A picture illustration shows Japanese 10,000 yen notes featuring a portrait of Yukichi Fukuzawa, the founding father of modern Japan, taken in Tokyo
Japanese companies are sitting on a record-sized cash pile -- some $2.4 trillion worth. But they’re reluctant to spend the money at home due to Japan’s slowly growing economy and declining population. REUTERS

Japan’s national debt exceeded 1 quadrillion yen ($10.46 trillion) for the first time ever in the second quarter, official data showed Friday, underscoring the case for Prime Minister Shinzo Abe to proceed with a sales-tax increase to shore up government finances.

The world’s third-largest economy has increased borrowing this year to spend more on the its infrastructure as part of an ambitious plan to jump start the economy and end decades of stagnation.

The central government’s outstanding liabilities totaled 1.009 quadrillion yen at the end of June, up 1.7 percent from three months ago, the finance ministry said on Friday. That’s larger than the economies of Germany, France and the U.K. combined. The lion’s share of that debt is from long- and short-term Japanese government bonds, as well as other borrowing.

Today, Japan’s gross public debt is by far the highest among advanced economies, standing close to 240 percent of GDP.

“Without a boost to revenues, things will only get worse given ballooning social costs in years to come, driven by a rapidly aging population,” HSBC economist Frederic Neumann warned. Last June, the previous government pushed through a law stipulating that the consumption tax will be hiked to 8 percent in April of next year and, once more, to 10 percent in October 2015.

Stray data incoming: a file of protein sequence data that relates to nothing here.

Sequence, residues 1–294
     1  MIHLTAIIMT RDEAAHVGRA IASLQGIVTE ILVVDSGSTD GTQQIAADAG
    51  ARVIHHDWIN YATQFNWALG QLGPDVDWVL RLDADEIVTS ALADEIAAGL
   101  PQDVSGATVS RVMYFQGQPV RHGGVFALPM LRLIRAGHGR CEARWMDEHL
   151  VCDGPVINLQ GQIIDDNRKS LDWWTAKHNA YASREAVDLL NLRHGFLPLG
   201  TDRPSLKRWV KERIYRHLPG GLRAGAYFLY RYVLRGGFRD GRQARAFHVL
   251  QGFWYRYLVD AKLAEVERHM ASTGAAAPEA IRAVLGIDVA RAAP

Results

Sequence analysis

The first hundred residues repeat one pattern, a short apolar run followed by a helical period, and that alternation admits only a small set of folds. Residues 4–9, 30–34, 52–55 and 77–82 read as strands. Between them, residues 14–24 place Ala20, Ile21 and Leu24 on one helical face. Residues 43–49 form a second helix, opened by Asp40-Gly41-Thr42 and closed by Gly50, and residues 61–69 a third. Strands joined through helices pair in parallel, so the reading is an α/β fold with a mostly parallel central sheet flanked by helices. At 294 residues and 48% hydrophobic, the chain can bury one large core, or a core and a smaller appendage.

The International Monetary Fund said last week that the hike was an "essential first step" to fix Japan's fiscal problems, and should not be delayed. "The absence of credible fiscal and structural reforms could weigh on confidence and undermine the success of the started reforms. This would not only be detrimental to Japan, but also for the rest of the world," the IMF said.

The IMF's report estimated that if the sales tax were not increased, Japan's net public debt would rise to around 245 percent of GDP by 2030, compared with 210 percent if the tax hike was implemented as scheduled.

The tax hike, however, is a double-edged sword. It would help raise revenue and prove that Japan is committed to fiscal reform, but the measure would also become a drag on the economy.

According to press reports, the Japanese government has asked for an evaluation of alternative options to the planned tax increase. The government has repeatedly said the crucial data on which it will base the decision is the second-quarter GDP. The first GDP estimate will be published on Aug. 12. Abe said he would make a final call on the plan after the release of revised second-quarter gross domestic product data on Sept. 9.